Once the manikin test is completed, the thermal resistance numbers are correlated to a series of temperature ratings given in the standard. This conversion is based on testing with real life people going back many years. The standard produces three temperature ratings:
- - Comfort temperature. This is where a ‘standard woman’ with relaxed posture is just not feeling cold.
- - Limit temperature. This is where a ‘standard man’ with curled up posture is just not feeling cold. This is the number which most shops and brands make the biggest deal out of.
- - Extreme temperature. This is where risk of health damage to a ‘standard woman’ by hypothermia occurs. This number can basically be ignored unless you have a masochistic bent.
The standard has removed a lot of the big discrepancies between manufacturers and is fairly repeatable, to within a couple of degrees. It relies on a manikin that provides a consistent heat source unaffected by diet, feeling tired, mind-set, or other factors that might affect the thermoregulation or sensations of a real person, and so it is better than some of the field trials that went before. Also, unlike some other lab tests, it measures a whole sleeping bag. However, like many testing standards it is not perfect, and it’s important to remember that the test measures the thermal resistance of a bag on a manikin which might not represent you or the way you sleep, and in an environment that is not necessarily like the one you sleep in.
Drawbacks of the ISO 23537 test
There are a few drawbacks of the ISO 23537 test, and three of them are explained below:
The manikin used in the test is roughly person-shaped, but actually varies a little bit depending on which lab carries out the test. The problem is that any tight spots on the bag around the manikin will result in the insulation getting compressed and the bag being perceived as colder than it really is. Of course, the same thing would happen with a real person, except a real person would pull their arms in if they are cold and will curl up, making themselves smaller. As a result of this, the manikin test often favours larger-fitting sleeping bags, and you will often see poor ISO 23537 results for bags cut with a tailored or slim fit. Unless the manikin accurately represents your size then the insulation offered by the sleeping bag will differ: an overly-large sleeping bag allows air to circulate around you, making you cold, while a bag that is too small will be constrictive and compress the insulation around you, again making you cold. It is for this reason that if you are trying to make a good and informed decision on buying a sleeping bag then it is a very good idea that you try it for size the way you would a jacket or pair of climbing shoes. This is a reason why we have numerous different fit options, different length options, and women’s iterations in many models.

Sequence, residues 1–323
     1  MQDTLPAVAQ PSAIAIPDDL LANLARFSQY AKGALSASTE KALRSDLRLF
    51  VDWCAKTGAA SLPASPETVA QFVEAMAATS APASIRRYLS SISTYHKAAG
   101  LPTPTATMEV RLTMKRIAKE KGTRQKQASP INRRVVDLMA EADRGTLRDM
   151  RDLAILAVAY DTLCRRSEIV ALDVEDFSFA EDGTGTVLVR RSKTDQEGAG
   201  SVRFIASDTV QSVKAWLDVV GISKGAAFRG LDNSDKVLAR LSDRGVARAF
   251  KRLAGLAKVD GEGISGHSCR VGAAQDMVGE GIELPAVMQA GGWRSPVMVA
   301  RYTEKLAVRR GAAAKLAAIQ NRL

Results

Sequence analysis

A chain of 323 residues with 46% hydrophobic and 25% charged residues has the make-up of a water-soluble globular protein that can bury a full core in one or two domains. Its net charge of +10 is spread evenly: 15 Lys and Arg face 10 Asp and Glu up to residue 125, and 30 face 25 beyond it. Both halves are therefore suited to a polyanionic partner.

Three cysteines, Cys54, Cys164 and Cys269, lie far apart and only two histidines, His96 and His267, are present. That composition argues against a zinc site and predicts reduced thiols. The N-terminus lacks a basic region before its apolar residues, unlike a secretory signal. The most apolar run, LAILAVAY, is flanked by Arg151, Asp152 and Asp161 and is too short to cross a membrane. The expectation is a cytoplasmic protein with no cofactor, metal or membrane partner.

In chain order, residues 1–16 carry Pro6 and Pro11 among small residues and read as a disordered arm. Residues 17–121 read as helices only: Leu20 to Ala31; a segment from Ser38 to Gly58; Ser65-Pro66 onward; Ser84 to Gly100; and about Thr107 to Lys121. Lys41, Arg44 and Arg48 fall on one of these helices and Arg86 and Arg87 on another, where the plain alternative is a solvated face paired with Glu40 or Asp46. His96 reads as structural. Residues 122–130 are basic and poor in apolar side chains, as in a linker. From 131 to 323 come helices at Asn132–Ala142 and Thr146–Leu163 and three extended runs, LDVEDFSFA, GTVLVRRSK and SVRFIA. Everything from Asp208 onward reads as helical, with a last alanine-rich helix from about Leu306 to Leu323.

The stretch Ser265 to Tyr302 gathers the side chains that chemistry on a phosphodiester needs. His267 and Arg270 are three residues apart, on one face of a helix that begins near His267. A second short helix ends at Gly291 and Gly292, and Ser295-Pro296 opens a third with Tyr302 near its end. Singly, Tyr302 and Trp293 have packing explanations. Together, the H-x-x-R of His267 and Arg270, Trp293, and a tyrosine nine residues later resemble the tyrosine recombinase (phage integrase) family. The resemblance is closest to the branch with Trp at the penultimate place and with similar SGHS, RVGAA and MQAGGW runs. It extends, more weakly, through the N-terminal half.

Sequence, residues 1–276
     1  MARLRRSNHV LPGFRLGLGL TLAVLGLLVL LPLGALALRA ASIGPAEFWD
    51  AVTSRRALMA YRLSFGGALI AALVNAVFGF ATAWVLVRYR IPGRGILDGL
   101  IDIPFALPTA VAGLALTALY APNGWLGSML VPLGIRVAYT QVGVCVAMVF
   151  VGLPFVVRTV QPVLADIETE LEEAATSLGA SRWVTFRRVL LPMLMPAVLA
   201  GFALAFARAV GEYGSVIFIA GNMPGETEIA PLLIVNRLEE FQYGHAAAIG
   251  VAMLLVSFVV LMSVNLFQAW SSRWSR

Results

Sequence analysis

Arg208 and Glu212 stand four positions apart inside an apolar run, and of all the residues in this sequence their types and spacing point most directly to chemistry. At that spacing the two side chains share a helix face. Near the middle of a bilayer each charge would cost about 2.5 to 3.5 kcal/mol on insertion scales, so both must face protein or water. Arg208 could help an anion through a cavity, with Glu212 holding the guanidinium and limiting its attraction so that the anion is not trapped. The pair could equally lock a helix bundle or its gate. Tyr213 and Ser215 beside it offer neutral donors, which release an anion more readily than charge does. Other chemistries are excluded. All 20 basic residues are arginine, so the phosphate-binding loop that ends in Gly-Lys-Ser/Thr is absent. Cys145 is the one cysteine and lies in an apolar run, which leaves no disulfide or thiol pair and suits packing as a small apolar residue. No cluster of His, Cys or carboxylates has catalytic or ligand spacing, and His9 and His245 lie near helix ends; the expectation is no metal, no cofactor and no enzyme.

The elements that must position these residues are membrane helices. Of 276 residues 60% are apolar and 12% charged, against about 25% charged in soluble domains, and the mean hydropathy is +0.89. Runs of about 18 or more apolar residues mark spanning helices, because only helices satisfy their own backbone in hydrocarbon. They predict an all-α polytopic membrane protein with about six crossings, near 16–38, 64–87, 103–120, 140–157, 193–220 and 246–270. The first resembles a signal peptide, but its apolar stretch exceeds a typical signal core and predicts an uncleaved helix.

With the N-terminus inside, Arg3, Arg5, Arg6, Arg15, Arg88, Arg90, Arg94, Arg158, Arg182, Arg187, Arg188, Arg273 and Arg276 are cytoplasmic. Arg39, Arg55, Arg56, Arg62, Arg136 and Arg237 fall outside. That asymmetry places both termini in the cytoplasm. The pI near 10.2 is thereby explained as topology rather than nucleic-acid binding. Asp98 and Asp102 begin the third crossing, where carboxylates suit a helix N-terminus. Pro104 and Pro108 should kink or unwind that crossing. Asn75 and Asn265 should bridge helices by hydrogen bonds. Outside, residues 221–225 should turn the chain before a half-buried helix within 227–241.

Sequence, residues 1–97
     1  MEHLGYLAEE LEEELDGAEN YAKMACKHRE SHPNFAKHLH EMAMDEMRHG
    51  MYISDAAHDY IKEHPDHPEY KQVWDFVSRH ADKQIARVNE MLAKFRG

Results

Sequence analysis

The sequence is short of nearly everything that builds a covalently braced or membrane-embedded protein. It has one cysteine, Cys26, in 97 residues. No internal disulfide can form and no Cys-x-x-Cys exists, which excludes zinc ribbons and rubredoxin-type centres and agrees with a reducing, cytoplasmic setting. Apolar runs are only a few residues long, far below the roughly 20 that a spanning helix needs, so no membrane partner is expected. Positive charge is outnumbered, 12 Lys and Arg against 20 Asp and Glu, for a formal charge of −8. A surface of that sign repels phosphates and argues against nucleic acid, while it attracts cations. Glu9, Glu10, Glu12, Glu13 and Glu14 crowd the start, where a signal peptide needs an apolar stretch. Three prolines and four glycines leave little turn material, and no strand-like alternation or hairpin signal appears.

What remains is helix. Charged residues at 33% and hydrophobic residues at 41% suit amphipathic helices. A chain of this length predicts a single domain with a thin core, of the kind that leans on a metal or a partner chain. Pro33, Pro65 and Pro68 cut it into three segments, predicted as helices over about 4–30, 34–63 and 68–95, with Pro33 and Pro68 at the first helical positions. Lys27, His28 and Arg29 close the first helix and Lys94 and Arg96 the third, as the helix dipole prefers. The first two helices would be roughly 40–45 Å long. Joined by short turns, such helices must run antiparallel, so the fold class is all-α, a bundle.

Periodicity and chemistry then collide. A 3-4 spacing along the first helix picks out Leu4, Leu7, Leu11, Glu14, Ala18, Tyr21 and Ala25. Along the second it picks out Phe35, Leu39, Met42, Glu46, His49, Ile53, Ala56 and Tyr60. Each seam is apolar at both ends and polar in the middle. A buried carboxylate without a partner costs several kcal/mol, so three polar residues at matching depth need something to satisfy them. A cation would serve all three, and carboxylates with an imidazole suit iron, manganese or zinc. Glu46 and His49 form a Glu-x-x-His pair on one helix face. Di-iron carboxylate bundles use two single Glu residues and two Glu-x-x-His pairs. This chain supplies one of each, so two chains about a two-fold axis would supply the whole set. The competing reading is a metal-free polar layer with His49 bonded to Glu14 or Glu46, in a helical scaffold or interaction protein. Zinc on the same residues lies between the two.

Winter sleeping bags
Another important thing to remember is that the ISO 23537 test excludes the testing of “extreme climate zone expedition” sleeping bags. This is perhaps deliberately quite vague, and while officially the test doesn’t apply to bags which have a measured limit temperature colder than -24 °C, we think that below approximately -15 °C the accuracy of the test begins to break down. For sleeping bags containing over 1000g of down, or very thick synthetic bags, the test can produce results that differ significantly from the experiences of real users, and the warmer the sleeping bag, the more the discrepancy increases. As a result, if you are buying a bag for very cold conditions then you need to do it the old fashioned way: talk to experienced friends or shop staff, do your research, and buy from a trusted brand who might have carried out testing in addition to that of the manikin test. These methods are likely to be more reliable than trusting temperature ratings produced by ISO 23537. Also, use some common sense: if a bag contains 1200 grams of down it is likely to be warmer than one containing 800 grams of down unless their construction or quality is very different.
The effect of face fabrics